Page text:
The other benefit of being in the Indian market is that any low cost solution or technological breakthrough achieved is equally applicable in part of the globe. The market enriches us by enabling us to provide better, faster and cheaper services to our consumers all over the world. India is thus a both a learning curve and a revenue curve.
When can we expect Ericsson to roll out its first network in India
We are in talks with several private players as well as the entities from the regulatory side. We are receiving news that the government is ready with its 3G spectrum usage guidelines and will be allocating it soon. Given the scenario, I would expect that India will get its first network within the next six to nine months from now.
What are the possible hurdles do you see in rolling out 3G networks in India
The basic challenges for India remain lack of basic civic utilities, low wireless coverage, uncertainty over spectrum availability and inadequate infrastructure. The inavailbility of power is specially a big obstacles. However, these can be overcome if there is infrastructure sharing, use of low cost solutions tailor-made for local people, and use of alternate fuels.
What problems do you see for Ericsson
I think the challenges in network installation will not be very daunting. The technology at present does not require the equipment to be mounted some different kind of towers than the existing ones. We should be able to execute the rolling out well.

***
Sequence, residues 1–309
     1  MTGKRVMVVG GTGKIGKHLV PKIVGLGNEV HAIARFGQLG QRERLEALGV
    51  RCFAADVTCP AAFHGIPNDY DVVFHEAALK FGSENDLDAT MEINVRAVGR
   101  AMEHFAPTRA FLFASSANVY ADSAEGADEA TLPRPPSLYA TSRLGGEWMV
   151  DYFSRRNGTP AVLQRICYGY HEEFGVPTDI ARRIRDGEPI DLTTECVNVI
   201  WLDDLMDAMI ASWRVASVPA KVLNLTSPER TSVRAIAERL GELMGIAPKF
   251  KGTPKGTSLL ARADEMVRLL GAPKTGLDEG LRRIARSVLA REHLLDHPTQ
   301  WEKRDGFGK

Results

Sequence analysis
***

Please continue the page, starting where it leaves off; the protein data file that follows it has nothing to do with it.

Will the same hold for rural India
Penetrating rural India will be more difficult. However, the onus of doing so lies on the telecom operators as we are not in the business of making towers. So if there are towers, than we would be able to go there.
What about the costs
Developing low cost equipment and low cost solutions is a continuous process at Ericsson. The government is targeting 500 million telecom subscribers by 2010. Rural customers will form a significant proportion of this. For rural penetration, industry will need economy of scale, low cost bandwith, IP evolution as well as low cost devices for receiving the broad band services. Ericsson, on its part, is developing third generation phones for about $100 (Rs 4,500) and lower phones. This will aid penetration.
What do you see as the market for 3G technologies in India
The market has just begun to evolve now. Education, can be a big market with more and more universities looking at education without geographical boundaries, mobile banking, healthcare, national e-governance B-to-B trading are only some of the possibilities.
Which 3G technology do you think is best suited to India, HSPA, Wimax or others
According to Ericssons research, the HSPA technology is best suited to India. For successful and cheaper 3G applications, it is an entire ecosystem that needs to be created. It is cheaper to create this ecosystem with the HSPA technology with GSM subscriber base being more. Ericsson already has functioning HSPA networks in place in different countries and expect the speeds possible to increase up 42 MBS by 2008.
What has been your global experience with mobile broadband
Globally, 3G technologies are growing fast with convergence. For instance, a cellphone is simply just not a phone today but also can be used as a radio, camera and more. Going forward, I expect more and more people to experience the Internet on handsets. Consumers over the globe have already started doing the same. For instance, 27% of UK 3G consumers download four songs a month and 100 operators have launched mobile TV. The nature of 3G service consumption is changing fast. There are 275 million worldwide broadband connections with India having only around 2 million of the same. We thus see a significant in increase in data services in India. 3G is already a widely deployed technology for providing wireless data services the word over, and India should exploit this.